MONTROSE, Pa.—Since his days as a New York City Council Member in 2008, New York State Sen. Tony Avella has fought vigorously to ban hydraulic fracturing in New York State.
He has called it the most serious environmental issue the state has faced in 100 years. The Marcellus Shale, which overlaps with New York City’s watershed, holds vast natural gas reserves. A moratorium on the practice is in its 5th year.
Avella will continue his fight in the Senate at least another year, after dropping his run for Queens Borough President on Aug. 14. The Senator, who refused to take campaign contributions from lobbyists or developers, could not keep up with opponents Peter Vallone, Jr., and Melinda Katz, who had over three times more money in their coffers and a wealth of endorsements.
While the move surprised many in political circles, Avella said his constituents, unions, as well as good government groups were leery of him leaving his post in the Senate. As Queens Borough President, the job would mostly deal with land use development, and his powers would largely be limited to issues in the borough. Politically, he would have next to no powers at the state or local level to keep fracking out of the New York City watershed.
Staying in the Senate will give him more time to pursue the nine Senate bills related to fracking with his name on it, ranging from a ban, to worker safety, to waste disposal.
With his schedule freed up from campaign events, Avella was finally able to drive to Susquehanna County, Pa., the home of Montrose and Dimock Township where fracking has already occurred, and where some residents are saying the practice has harmed their water supply. It was a trip he had tried to make for most of this year, but his schedule never allowed it.
“There is nothing like seeing it firsthand and getting someone to tell you how bad it is,” Avella said on Aug. 28.
Despite having never stepped foot on a fracking field, the senator has been one of the most outspoken critics of fracking in the legislature.
“I don’t have to jump off of a bridge to know it would probably kill me,” Avella said, when asked how he could be so vocal, having never seen it firsthand. “I think there is enough evidence, statistical data, and documentaries to see just how bad this is.”
Despite having never seen fracking firsthand, Avella is well versed on the issue, having hosted two Senate Democratic Conference Public Forums in 2012 in which scientists, medical professionals, and economic experts testified. In addition, he has met with industry representatives to discuss his concerns.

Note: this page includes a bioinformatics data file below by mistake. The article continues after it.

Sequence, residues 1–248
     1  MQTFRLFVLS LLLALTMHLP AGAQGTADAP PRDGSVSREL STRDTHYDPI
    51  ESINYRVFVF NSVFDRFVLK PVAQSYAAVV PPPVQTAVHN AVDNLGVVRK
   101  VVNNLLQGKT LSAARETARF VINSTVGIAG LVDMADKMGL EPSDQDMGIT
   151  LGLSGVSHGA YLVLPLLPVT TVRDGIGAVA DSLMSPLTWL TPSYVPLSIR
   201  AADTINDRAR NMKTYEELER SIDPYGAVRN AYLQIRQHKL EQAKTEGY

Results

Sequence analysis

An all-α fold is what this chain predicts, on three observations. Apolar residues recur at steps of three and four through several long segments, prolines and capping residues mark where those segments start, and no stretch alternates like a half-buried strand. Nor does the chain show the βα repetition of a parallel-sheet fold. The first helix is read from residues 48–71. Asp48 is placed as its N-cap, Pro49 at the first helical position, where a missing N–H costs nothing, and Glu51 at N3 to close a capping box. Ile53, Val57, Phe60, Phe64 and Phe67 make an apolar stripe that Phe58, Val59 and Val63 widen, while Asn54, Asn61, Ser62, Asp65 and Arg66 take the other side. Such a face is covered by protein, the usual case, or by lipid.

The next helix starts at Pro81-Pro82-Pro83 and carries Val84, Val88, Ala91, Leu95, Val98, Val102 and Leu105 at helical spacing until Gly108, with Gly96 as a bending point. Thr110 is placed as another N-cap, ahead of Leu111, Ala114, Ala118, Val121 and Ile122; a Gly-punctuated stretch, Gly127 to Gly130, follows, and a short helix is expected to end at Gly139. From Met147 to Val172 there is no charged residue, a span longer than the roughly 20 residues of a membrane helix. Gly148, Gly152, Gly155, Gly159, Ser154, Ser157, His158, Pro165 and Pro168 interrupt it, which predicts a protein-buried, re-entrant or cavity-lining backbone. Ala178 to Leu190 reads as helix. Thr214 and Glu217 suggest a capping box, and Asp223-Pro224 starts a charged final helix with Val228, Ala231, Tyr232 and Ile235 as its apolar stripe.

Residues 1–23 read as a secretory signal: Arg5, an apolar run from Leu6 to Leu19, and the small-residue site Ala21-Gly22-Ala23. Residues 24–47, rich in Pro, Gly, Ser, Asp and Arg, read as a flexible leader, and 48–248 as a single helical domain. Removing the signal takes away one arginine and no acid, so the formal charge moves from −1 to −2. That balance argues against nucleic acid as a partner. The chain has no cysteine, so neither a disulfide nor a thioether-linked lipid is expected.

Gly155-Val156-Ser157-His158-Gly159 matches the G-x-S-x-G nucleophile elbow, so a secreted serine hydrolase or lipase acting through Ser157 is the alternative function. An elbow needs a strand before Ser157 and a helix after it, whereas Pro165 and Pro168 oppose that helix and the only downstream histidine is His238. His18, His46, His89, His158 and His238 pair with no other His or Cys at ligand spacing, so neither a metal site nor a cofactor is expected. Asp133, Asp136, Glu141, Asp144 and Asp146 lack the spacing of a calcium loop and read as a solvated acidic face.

The trip to Pa. allowed him to put a face on the data he had been studying for years.
The tour was hosted by Craig Stevens, a 6th generation land owner in Silver Lake Township, and Vera Scroggins, a local activist. Both are vigorous opponents of fracking, but with good reason. Each of them watched their home turn from a quiet sleepy town with picturesque landscapes, to the epicenter of an industrial movement in which some residents’ water supply is ruined and the town is divided.
Avella does not want to see the same fate befall upstate New York.
New York State is currently reviewing regulations designed to keep water contamination from fracking from hitting the water supply, but Avella has been a staunch proponent of an all-out ban.
“I don’t think you can do it safely under the current science,” Avella said. “Maybe 20 years from now we come up with a better way to raise the natural gas without having to pour toxic chemicals into the ground. It [the natural gas] is not going anywhere.”
On the tour Avella met Ray Kemble, a Dimock Township resident whose tap water supply was ruined weeks after a well was fracked near his home. Kemble, who has no gas drilling on his property and therefore receives no monetary benefit from fracking, has water brought in from outside to drink and shower with.
Kemble turned on the water from his well, pouring it into a jug. The water appeared clear, however a strong odor and bubbles could be seen.
The EPA ran tests on Kemble’s water and ruled it safe for consumption, however Kemble says the tests were done two years ago. Kemble also says he offered the EPA agents a glass of his water they had ruled safe, but the EPA agents refused to drink it.
For Avella, the trip provided context for a story he has long been familiar with: what a compressor station sounds like; how close the drilling pads are to the homes; how much truck traffic the two-lane roads experience; what it is like to be followed by oil and gas company security teams; what exasperated residents who have lost their water supply feel like.
The trip didn’t change his mind—it only made his convictions stronger.
“I don’t think there are regulations that can make is safe enough to operate in New York State,” Avella said. “It reinforces how I felt about this. It has to be stopped.”